The National Collegiate Emergency Medical Services Foundation is a non-profit professional organization that is designed to connect collegiate EMS companies across the country. It is currently run by George J. Koenig, Jr. and has a variety of conferences that EMS members can attend to help refine skills and promote unity. The main point of this website is to provide a bridge between different EMS organizations that are separated by geographical barriers. I have looked at the statistics that this organization offers on how many collegiate EMS organizations are currently providing care to their students. These statists show that there are campuses that focus on their student’s safety after the Student Health Clinic closes. By providing solid numbers of campuses in the Mid-Atlantic Region that provide emergency health services to it students, other colleges and universities can create their own, similar, organization.

Work Cited (MLA):

“National Collegiate Emergency Medical Services Foundation.” NCEMSF. Buchan Consulting LLC, n.d. Web. 10 Sept. 2013. <www.ncemsf.org/resources/ems-organization-database/groups-listed-by-region/united-states-ems-organizations/mid-atlantic-region >.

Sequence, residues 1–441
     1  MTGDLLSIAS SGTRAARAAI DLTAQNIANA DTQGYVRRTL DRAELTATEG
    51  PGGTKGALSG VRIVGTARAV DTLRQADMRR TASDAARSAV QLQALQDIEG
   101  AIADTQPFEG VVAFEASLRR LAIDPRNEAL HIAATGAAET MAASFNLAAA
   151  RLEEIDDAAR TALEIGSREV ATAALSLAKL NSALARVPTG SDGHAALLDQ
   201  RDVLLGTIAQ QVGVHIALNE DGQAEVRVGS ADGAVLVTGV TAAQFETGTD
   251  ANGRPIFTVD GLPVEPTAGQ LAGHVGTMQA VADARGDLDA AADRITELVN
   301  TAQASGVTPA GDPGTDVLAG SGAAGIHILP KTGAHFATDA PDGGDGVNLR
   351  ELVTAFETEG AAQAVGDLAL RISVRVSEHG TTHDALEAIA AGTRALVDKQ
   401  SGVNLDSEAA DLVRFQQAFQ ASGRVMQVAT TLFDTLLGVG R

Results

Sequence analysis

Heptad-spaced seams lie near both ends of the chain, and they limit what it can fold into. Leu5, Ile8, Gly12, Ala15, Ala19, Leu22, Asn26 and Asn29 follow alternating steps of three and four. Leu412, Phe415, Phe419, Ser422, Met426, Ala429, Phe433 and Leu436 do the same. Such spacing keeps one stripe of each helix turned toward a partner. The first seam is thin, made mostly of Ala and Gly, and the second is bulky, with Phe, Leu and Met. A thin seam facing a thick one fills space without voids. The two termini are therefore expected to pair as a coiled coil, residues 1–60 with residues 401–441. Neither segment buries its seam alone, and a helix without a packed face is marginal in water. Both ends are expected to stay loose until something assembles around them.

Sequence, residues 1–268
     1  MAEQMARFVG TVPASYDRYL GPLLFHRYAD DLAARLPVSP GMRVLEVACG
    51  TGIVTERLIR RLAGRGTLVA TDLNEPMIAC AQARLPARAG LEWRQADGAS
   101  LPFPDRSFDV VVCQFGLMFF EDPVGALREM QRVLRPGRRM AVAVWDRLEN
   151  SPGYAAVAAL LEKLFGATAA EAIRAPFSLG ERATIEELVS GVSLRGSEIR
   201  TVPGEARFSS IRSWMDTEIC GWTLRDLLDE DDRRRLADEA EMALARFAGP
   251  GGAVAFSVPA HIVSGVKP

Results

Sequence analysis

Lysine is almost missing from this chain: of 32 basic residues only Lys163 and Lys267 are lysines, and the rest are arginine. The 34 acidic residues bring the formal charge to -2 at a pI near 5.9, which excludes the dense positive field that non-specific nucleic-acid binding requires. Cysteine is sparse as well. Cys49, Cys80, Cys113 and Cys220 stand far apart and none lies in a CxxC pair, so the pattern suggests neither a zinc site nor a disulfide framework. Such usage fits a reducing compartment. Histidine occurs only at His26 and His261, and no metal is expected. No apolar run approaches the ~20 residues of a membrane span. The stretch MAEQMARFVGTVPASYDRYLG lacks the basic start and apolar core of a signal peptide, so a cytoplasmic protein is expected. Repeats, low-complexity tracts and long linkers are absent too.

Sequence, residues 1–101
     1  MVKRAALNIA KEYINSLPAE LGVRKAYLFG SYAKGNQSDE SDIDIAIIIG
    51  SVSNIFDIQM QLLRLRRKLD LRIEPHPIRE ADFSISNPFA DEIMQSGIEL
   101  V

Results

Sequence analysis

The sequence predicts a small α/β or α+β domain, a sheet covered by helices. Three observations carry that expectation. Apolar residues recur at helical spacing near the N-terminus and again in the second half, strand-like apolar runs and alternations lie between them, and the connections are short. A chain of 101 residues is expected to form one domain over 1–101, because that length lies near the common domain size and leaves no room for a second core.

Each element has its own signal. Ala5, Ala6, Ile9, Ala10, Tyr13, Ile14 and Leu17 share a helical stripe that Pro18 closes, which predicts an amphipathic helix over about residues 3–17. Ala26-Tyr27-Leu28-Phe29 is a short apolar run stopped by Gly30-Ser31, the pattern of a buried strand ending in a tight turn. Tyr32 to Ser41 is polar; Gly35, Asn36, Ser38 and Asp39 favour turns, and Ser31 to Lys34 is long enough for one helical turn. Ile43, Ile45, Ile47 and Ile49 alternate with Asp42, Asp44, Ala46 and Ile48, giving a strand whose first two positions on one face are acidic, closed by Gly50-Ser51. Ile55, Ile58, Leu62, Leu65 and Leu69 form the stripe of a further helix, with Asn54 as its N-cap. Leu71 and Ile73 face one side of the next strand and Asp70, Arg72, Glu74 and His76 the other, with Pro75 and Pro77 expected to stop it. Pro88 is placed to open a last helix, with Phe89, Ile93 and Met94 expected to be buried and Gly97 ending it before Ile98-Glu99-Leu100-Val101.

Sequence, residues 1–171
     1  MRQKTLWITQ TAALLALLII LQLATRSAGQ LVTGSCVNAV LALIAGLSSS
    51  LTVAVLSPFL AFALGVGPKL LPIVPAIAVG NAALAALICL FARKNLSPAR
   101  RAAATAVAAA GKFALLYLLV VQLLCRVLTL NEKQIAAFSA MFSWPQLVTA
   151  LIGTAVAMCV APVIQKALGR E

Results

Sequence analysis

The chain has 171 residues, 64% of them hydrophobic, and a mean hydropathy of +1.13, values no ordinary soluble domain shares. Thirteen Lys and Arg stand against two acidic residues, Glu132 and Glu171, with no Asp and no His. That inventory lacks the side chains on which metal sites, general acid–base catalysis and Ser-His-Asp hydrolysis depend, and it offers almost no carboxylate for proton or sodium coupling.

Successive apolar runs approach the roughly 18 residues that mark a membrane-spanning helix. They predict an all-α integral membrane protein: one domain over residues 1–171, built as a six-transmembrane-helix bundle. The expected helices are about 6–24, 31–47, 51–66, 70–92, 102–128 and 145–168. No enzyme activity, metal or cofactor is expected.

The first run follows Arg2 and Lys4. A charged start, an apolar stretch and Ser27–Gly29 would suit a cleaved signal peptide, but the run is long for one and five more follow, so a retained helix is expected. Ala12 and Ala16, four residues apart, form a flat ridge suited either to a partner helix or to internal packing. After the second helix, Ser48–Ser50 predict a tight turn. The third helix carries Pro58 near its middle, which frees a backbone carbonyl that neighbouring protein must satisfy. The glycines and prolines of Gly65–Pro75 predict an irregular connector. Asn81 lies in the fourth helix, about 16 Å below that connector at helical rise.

4 thoughts on “Peanut butter is made of peanuts? (Blog #1)

  1. You might be on to something here…There are about 300,000 people that suffer sudden cardiac arrest each year. Only 1/3 of those victims receive CPR from a bystander prior to the arrival of EMS. The outcome of this lack of engagement? an 8% survival rate for sudden cardiac arrest. In cities like Seattle where they have pushed CPR training to a large audience (Seattle has the most CPR trained population of any american city) they have raised their sudden cardiac arrest survival rate to 53%. Wouldn’t it be nice if everyone had these skills and was ready to apply them in an emergency! The only way we get there is through public education, so teach teach teach!